• A Type II tear is when the biceps tendon and labrum become detached from their bed on the socket joint.
  • A Type III tear is when the labrum has a flap of tissue hanging down into the joint.
  • A Type IV tear is when the labrum has a tear that extends into the biceps tendon.

What causes a SLAP lesion?

Injuries to the labrum are tears that can be caused by trauma or repetitive shoulder motion.

Trauma injuries:

  • A fall onto an outstretched arm or the shoulder.
  • A sudden pull to the shoulder, such as when tying to lift a heavy object.
  • A sudden upward motion, such as when pitching a ball or trying to stop a fall or slide.
  • A direct blow to the shoulder.

Repetitive shoulder motion injuries are often associated with sports injuries that occur from activities such as pitching a baseball, throwing a football or lifting weights.

What are the symptoms of a SLAP lesion?

There are several symptoms that might indicate a SLAP lesion injury. These include:

  • A catching sensation, clicking or locking in the shoulder.
  • Pain in the front or top of the shoulder.
  • Increased pain with movement, especially with overhead activities.
  • Decreased range of motion of the shoulder and arm.
  • Susceptibility to dislocation.

Determining if pain is caused by a SLAP lesion is sometimes difficult because the injury often does not show up well on normal MRI scans. However a MRI scan with dye placed into the shoulder is often helpful to diagnose a labral tear. Sometimes, though, an actual diagnosis is made at the time of surgery when the orthopaedic surgeon has an opportunity to look inside the shoulder, most often during an arthroscopic surgical procedure.

How is a SLAP lesion treated?
Once a diagnosis has been made, an orthopaedic surgeon recommends the best treatment option. There are both surgical and non-surgical options, although surgery is most often needed.

Non-surgical options

Some tears can be treated conservatively. Non-surgical treatment may include the following:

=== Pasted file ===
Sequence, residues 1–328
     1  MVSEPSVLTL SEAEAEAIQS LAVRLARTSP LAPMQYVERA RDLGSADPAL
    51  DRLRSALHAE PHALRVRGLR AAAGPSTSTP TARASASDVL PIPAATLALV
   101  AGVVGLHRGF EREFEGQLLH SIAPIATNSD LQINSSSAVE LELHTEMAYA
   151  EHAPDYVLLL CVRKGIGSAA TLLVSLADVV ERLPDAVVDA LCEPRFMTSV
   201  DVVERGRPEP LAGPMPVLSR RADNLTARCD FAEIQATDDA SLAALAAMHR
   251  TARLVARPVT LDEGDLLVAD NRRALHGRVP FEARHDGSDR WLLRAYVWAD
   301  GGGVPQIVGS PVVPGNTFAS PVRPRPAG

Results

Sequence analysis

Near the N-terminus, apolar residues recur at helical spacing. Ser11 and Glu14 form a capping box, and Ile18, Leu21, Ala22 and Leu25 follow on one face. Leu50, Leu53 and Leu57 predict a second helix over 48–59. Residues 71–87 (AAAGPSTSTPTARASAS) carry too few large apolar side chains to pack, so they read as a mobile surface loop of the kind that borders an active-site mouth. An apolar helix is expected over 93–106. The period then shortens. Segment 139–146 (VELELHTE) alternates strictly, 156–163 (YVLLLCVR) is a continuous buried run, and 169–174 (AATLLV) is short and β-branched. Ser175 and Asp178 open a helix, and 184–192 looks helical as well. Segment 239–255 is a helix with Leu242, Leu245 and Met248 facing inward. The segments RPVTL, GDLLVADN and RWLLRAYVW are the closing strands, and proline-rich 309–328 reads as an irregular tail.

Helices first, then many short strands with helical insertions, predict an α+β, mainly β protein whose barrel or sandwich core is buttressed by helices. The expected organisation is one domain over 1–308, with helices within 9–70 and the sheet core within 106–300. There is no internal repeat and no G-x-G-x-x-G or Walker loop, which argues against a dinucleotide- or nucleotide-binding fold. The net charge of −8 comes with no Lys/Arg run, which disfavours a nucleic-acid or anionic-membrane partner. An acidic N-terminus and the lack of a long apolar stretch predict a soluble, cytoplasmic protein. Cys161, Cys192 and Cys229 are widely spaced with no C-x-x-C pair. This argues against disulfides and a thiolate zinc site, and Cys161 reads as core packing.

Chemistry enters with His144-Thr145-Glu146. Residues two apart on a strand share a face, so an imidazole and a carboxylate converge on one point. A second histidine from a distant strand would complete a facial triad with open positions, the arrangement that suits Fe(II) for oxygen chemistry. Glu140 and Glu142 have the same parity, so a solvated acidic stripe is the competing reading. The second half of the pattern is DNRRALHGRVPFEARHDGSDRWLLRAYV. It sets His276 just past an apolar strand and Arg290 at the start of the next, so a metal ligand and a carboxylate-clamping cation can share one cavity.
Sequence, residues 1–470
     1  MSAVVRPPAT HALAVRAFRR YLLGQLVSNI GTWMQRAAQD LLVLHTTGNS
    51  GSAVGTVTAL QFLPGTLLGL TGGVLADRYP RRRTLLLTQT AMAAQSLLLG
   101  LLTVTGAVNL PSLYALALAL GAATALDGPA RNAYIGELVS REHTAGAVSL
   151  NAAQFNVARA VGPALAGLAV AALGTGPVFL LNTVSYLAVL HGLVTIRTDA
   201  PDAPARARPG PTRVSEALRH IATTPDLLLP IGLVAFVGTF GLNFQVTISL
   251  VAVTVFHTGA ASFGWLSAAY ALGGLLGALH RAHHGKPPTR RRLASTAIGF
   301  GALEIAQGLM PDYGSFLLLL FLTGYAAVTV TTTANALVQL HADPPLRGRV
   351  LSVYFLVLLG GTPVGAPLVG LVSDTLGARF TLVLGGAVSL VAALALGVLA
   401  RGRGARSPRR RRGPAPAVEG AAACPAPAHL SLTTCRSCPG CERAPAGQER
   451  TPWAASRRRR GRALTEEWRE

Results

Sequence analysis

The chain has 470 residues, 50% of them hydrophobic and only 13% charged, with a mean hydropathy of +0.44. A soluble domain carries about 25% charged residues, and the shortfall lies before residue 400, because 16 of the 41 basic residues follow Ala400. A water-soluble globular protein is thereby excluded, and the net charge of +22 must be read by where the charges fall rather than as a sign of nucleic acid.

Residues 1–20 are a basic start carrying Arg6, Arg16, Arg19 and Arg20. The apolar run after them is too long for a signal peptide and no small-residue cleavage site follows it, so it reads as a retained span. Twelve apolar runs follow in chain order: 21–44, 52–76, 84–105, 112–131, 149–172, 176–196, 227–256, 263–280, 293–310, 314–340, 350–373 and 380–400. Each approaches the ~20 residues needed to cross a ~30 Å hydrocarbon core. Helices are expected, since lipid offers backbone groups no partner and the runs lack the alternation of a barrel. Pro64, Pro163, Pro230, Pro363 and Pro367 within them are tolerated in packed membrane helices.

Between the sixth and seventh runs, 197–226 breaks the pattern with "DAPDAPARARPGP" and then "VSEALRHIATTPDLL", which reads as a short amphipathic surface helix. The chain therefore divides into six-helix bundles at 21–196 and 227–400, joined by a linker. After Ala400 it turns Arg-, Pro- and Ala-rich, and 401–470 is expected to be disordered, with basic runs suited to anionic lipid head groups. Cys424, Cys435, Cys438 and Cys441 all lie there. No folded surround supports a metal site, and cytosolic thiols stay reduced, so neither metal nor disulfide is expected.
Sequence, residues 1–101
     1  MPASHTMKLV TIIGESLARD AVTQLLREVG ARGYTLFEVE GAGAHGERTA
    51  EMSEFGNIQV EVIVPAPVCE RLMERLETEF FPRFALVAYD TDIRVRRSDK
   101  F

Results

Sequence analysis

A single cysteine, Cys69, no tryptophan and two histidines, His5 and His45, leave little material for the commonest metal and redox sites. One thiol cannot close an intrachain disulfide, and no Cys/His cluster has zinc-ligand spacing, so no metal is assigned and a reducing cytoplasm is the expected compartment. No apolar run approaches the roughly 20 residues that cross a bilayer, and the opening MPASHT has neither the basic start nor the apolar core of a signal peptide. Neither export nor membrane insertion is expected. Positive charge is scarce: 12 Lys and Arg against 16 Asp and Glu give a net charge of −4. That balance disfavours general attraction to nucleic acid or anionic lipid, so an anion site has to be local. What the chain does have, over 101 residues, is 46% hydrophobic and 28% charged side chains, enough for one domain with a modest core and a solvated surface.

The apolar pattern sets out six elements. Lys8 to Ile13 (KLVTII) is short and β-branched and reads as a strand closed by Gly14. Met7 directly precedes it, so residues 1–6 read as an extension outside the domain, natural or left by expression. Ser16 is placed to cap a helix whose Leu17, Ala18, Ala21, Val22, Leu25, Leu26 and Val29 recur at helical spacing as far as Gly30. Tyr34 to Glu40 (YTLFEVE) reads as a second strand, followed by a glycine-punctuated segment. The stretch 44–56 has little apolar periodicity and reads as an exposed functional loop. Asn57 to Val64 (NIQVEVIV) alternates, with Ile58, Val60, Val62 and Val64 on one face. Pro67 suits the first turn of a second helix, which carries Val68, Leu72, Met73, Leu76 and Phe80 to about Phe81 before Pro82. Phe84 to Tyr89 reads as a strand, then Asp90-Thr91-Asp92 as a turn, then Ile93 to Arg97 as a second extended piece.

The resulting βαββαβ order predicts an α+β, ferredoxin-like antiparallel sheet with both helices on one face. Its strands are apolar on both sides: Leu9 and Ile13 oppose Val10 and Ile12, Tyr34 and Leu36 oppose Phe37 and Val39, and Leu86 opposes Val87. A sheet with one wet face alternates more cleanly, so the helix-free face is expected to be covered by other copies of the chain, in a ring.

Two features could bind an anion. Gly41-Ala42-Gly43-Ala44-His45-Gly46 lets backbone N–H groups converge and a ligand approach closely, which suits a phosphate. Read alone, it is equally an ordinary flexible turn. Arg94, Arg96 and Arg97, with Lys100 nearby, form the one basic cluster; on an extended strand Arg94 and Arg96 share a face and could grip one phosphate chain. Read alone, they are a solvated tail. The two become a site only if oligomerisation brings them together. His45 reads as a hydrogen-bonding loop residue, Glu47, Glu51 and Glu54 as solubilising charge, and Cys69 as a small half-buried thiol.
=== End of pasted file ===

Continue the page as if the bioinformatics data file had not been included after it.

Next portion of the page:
• Avoidance of activities that worsen pain (overhead activity, heavy lifting, repetitive motions).
  • Anti-inflammatory medication.
  • Physical therapy to regain motion and strength.

Surgical options

Surgical diagnosis and repair of SLAP lesions is usually done with shoulder arthroscopy. Arthroscopic repair makes use of a fiberoptic scope connected to a video camera and small, specialized instruments. In this surgery, the scope and instruments are inserted into small puncture-type incisions rather than through a larger open incision.

The type of surgical repair depends upon the extent of damage found. Some possible fixes include the following:

  • Type I injury: The surgeon uses a shaver to remove, or debride, the fraying of the tissue or to prevent a small tear from worsening.
  • Type II injury: The loose part of the labrum and bicep is “tacked” down to the cup of the joint.
  • Type III injury: The flap of labrum tissue hanging down into the joint is either repaired or removed, depending upon the size of the flap.
  • Type IV injury: The labral tear will be removed and the biceps tendon repaired. The labrum and/or biceps tendon may also need to be reattached to the cup of the joint.

After surgery, the start of physical therapy rehabilitation is dependent upon the type of surgical repair. Rehabilitation of the shoulder may begin immediately for a debridement or may be delayed up to a month after a repair while the labrum or biceps heal.

The Shoulder

The shoulder is one of the most flexible of the body’s joints. The shoulder joint is what allows people to move their arms and, as a result, move their hands to where they need to be used. To be so flexible, the shoulder must have a wide range of movement. Unfortunately, this ability to move so freely means the shoulder joint is one of the less stable joints in the body.